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 Post subject: Tojiro DP 210mm Gyuto
PostPosted: Tue Dec 17, 2013 3:04 am 

Joined: Mon Nov 18, 2013 5:44 pm
Posts: 633
My new Tojiro arrived today! :D

Thanks again Mark!

Just thought I would post some first impressions and then a review later after I have used it a bit.

For full disclosure to those reading that do not know, I did not buy the knife. I won it in a giveaway : free-giveaway-t4413.html

Not sure that it's important info to know, but just in case it matters to someone, there it is. lol ;)

Ok, that out of the way, here goes...

First off, this knife is heavier than I expected. Not terribly heavy, and probably not as heavy as some fully bolstered German knives, but the weight is noticeable. It feels pretty well centered around the bolster, so the weight should not be an issue. It just threw me a little bit after using a wa handled santoku for a while now.

Secondly, I was impressed by the edge ootb. It is shaving sharp, push cuts paper, and looks fairly refined. A few swipes on my strop and it was slicing paper towels with ease. I have seen where Tojiro knives are supposed to be hand finished, and I think it shows. It it a VERY good edge for a mass produced knife and extremely functional out of the box. I didn't have to strop it, but I just wanted to see if it would give it that little extra it needed for the paper towel and it did. lol

Lastly, this is a very good looking knife in person. In the photos it looks like any other production knife, and maybe it does look like other knives made in the same fashion, but it has nice smooth lines, clean transitions, and is an all around handsome blade. The lines where the cladding stop and the edge shows through are straight and set it apart from similar looking mono steel blades. Maybe the only negative is that it holds onto fingerprints... but then that's only an issue if you fondle your knives like I do... lol

So all in all while I might prefer a korouchi or similar rustic finish and wa handles if I were to buy a knife, this looks to be an excellent knife and a great value for the money. If I were to get this as a gift I would be ecstatic... technically you could say I did, and I am! LOL I also would not hesitate to give this knife as a gift either. Well, I'm keeping this particular knife, but you know what I mean. I don't see it disappointing the receiver of the gift in any way. ;)

That's the end of my initial impressions after looking... ok... fondling the knife a bit after I got home from work today. I'll make another post after I have had a chance to use it a bit and give my opinions of how it performs. Given how thin and sharp the blade is, I don't think it will disappoint. ;)


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 Post subject: Re: Tojiro DP 210mm Gyuto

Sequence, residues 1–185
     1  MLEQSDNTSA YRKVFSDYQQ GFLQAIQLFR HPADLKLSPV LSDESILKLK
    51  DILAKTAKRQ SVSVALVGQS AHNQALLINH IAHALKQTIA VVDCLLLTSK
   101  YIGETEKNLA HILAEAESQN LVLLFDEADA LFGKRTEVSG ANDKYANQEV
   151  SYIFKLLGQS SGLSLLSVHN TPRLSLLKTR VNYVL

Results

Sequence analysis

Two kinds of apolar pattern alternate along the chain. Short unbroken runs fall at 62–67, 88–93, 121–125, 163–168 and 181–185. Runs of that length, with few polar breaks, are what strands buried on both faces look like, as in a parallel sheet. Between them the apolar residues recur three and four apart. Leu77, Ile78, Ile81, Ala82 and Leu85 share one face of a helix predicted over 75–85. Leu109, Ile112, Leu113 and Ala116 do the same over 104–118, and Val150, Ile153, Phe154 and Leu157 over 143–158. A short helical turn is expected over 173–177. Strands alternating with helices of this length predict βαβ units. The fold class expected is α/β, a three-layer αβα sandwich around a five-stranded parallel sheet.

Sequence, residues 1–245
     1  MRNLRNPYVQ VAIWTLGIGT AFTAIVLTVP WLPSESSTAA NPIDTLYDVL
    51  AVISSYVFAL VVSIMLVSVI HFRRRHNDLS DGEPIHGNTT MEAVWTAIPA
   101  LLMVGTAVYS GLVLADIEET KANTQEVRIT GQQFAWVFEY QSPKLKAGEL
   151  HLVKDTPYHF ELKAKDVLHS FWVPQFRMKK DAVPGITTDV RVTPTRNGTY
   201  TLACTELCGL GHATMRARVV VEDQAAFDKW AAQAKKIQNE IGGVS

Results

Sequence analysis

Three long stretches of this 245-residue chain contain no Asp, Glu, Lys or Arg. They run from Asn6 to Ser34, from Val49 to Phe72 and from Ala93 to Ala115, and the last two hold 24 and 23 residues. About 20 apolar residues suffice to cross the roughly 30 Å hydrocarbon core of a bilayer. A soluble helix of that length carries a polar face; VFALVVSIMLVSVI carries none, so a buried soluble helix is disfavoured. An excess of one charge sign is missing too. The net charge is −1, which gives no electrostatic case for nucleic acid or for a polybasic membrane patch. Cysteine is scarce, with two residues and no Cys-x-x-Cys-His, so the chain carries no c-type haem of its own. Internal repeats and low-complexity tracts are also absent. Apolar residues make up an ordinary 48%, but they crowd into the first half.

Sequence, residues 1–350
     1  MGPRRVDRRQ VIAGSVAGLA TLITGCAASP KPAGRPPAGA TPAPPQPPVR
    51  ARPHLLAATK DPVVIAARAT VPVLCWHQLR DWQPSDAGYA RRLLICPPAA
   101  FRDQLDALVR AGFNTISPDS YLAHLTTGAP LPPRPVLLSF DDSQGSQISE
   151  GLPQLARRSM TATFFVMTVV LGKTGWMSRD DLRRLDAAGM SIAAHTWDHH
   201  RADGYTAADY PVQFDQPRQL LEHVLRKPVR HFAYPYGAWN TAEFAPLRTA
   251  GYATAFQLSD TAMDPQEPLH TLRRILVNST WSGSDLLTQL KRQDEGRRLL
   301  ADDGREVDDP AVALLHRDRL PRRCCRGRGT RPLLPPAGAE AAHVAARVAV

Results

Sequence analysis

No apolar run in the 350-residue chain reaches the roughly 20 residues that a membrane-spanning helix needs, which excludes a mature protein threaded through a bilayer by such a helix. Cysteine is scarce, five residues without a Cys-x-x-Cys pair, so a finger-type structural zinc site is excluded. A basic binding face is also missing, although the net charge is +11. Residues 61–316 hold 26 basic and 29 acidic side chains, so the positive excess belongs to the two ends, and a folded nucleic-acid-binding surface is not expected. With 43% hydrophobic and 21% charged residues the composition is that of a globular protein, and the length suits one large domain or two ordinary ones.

PostPosted: Tue Dec 17, 2013 3:39 am 
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MUNKY <> Glad to hear you're pleased. I dig the DP... for what it is. I'd choose one over a Henkels or Wusthof Classic. I own a DP in Western Deba<--link, and not only is it my Salmon slayer but I use it as a loaner to lesser qualified hands who need a chef de chef; thing is virtually indestructible.



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 Post subject: Re: Tojiro DP 210mm Gyuto
PostPosted: Tue Dec 17, 2013 5:08 am 

Joined: Mon Nov 18, 2013 5:44 pm
Posts: 633
For a knife to buy I am still looking to get the Goko. Might take longer than first expected after buying everyone else's gifts, but I will have one in my hands. lol Until then, I expect that this Tojiro will serve me well and still be a knife I'll reach for even after I get the Goko.

I have no doubts that there are better knives out there, but for the price it looks like a winner... even if the price wasn't free... lol

Plus now I have a Japanese knife to compare against my Yamashins. It was way sharper out of the box (the Yamashins needed work) so it is off to a good start so far. lol

I should get to start using it tomorrow. :)


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 Post subject: Re: Tojiro DP 210mm Gyuto
PostPosted: Tue Dec 17, 2013 3:04 pm 
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Def - That's a great knife to have ITK. I have the Tojiro DP 210 as well and it's just a really solid performer. It sits next to a Kono HD2 240 Funi/Gyuto, a Yuki 210, and a Moritaka AS Santoku in my knife drawer and I still pick this one quite often for prep - if that tells you anything :-). My wife likes it also. Win, win, win.

BTW, I got to handle the DP Western Deba 210/240's for the video work. Man, those things are beasts! I think you could go to battle against a hoard of Orks with one of those :-).


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 Post subject: Re: Tojiro DP 210mm Gyuto
PostPosted: Tue Dec 17, 2013 6:04 pm 
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SteveG wrote:"BTW, I got to handle the DP Western Deba 210/240's for the video work. Man, those things are beasts! I think you could go to battle against a hoard of Orks with one of those" :-).

Ain't that the truth.



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 Post subject: Re: Tojiro DP 210mm Gyuto
PostPosted: Wed Dec 18, 2013 4:19 am 

Joined: Mon Nov 18, 2013 5:44 pm
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OK, I got to play with... *ahem* USE... the Tojiro tonight when making supper.

Let me say that this knife is currently the sharpest implement in the house. I have gotten my Yamashins close, but they are still thicker behind the edge from the feel of it. Overall the Tojiro, an inexpensive entry level mass produced Japanese knife, beats the similarly priced handmade Yamashin out of the box, hands down unequivocally. The Tojiro cuts like I want a Japanese knife to cut.

I made a pork and chili stew. I got to use the knife on pork tenderloin, onions, poblano peppers, garlic, and potatoes.

The knife trimmed the tenderloin and removed the silver skin effortlessly. The knife slid under and back to free up an end to hold on to, then down the side to remove it. The tip was excellent in that respect. It also make quick work of the vacuum packaging. lol

It had no issues whatsoever slicing the onion in a nice julienne. I didn't dice any onion, but the way it felt it would have had no issues whatsoever. It didn't just fall through with the weight of the blade, but there wasn't much force needed at all to make the cuts.